Think of the darling economies during the global financial crisis and Asia quickly comes to mind. Not only did the region recover much faster than its Western peers, but strong quarterly growth rates of as high as 11.9% in countries like China and India during the crisis kept the battered global economic engine humming.
Growth in the region and an unprecedented stimulus package from China worth Rmb4tr ($586bn) also helped restore global confidence in the financial markets — roles that were usually reserved to the US or Europe. And once quantitative easing began, Asia was one of the main beneficiaries, experiencing unprecedented growth in stock and bond markets.
It is very unfortunate that Asian countries didn’t seize the opportunity to improve their economic structures during the five year era of flush liquidity and low interest rates and instead just chose to just leverage up. Policymakers thought that their higher growth rates were sustainable without meaningful structural reforms. They were wrong.
Even if growth rates were in double digits, Asian governments should have wasted no time in implementing new reforms to create more sustainable growth including more policies to drive domestic demand.
And now that investors are cashing out of Asian stocks and bonds amid the uncertain future of US quantitative easing, the skeletons in Asia’s economic closets are coming to light. And what’s left is ugly asset bubbles (especially in the property sector), policy bottlenecks and ballooning debt. Sound familiar?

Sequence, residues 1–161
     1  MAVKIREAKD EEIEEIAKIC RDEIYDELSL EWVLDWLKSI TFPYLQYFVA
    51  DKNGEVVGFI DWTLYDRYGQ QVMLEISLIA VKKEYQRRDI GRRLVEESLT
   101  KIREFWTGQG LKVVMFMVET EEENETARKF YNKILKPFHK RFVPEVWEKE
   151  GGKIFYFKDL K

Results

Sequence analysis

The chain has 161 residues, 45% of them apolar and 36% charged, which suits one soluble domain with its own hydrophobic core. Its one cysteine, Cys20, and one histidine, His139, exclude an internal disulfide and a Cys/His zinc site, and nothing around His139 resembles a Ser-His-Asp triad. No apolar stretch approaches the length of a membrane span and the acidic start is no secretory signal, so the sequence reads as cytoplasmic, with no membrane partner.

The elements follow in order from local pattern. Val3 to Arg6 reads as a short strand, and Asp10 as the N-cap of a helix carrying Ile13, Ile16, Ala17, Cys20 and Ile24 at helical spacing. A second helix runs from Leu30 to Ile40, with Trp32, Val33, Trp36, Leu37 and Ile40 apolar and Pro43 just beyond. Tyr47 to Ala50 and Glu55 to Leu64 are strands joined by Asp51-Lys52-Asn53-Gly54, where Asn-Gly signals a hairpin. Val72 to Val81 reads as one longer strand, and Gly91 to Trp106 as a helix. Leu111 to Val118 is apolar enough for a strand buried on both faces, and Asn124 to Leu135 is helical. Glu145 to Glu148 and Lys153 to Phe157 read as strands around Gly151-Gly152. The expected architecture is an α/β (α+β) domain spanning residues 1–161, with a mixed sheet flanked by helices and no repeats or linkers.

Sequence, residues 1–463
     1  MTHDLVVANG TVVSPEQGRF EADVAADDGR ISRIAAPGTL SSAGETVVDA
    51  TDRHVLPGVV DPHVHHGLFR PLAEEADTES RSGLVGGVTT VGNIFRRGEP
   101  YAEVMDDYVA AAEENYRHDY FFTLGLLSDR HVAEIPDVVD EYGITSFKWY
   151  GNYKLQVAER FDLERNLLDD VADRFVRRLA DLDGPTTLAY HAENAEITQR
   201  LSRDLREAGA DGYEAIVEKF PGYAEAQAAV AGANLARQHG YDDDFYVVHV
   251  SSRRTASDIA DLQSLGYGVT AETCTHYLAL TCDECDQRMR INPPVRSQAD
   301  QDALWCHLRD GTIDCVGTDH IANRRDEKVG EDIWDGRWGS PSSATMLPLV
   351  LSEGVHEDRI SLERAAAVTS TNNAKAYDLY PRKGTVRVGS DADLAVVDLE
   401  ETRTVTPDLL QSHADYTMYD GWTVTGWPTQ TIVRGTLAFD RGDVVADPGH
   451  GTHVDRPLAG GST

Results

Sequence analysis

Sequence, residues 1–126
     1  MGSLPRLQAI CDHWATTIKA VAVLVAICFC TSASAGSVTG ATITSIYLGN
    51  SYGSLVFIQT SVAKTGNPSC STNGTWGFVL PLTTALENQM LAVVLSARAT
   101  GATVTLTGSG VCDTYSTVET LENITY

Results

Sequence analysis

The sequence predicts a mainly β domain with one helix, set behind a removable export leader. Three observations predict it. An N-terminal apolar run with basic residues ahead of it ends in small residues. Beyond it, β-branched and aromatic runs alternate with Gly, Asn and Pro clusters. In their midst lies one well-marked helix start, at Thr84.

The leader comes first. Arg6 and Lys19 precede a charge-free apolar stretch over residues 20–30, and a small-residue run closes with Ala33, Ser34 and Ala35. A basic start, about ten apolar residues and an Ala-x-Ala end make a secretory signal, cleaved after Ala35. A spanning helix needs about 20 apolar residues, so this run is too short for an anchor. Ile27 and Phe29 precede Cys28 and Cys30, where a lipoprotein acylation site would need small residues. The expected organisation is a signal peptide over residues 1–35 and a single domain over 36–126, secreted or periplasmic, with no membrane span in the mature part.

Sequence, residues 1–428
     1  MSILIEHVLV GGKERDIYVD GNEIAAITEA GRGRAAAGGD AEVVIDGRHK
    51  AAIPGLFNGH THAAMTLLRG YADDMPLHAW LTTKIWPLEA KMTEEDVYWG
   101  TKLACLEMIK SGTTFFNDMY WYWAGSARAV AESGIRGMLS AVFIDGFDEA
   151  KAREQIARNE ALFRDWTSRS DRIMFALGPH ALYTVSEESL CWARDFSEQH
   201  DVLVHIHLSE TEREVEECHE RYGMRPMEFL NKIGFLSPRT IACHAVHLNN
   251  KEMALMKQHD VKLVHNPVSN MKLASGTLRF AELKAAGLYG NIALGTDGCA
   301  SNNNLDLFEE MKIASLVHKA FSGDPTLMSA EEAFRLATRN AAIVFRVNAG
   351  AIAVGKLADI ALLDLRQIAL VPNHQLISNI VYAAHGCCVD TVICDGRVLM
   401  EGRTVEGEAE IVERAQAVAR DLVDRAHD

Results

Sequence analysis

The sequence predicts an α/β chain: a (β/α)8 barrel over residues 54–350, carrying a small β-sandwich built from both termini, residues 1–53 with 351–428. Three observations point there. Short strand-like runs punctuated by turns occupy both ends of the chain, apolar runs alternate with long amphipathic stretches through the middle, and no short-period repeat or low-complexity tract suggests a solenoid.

The problems are region-wide. The billions of stimulus dollars China deployed into infrastructure projects has inflated state-owned enterprise debt and is putting financial stress on its banks with non-performing loans now reaching 5% and shadow banking estimated at Rmb21tr or 39% of GDP, according to Moody’s. Although the government is sacrificing fast growth to improve the quality of GDP in the longer term, the country has missed the opportunity to reform its banks and state-owned companies.
Indonesia and India are even more stressed. They are struggling with widening current account deficits, with Indonesia hitting a record high $10bn trade deficit in the second quarter and India’s hitting $50.2bn in the first quarter of FY1, because of the painstakingly slow pace of structural reforms. These countries should have spent the last few years phasing out oil subsidies and providing an easier path to foreign direct investment to shrink their fiscal holes. Now, the rupiah and the rupee are bearing the brunt from the lack of improvement on these fronts. The rupiah is trading near its lowest level in four years at Rph11,350 against the dollar, while the rupee hit a record low Rs65.7 against the dollar on August 27.
But it’s not too late to act. However, Asian countries need to start cracking the whip on structural reforms or they risk being hit with an even greater drop in foreign direct investment, capital outflows and weakening currencies. This could surely lead Asia back to a crisis, and nascent signs of a recovery in the US will not be enough to help these countries back on their feet.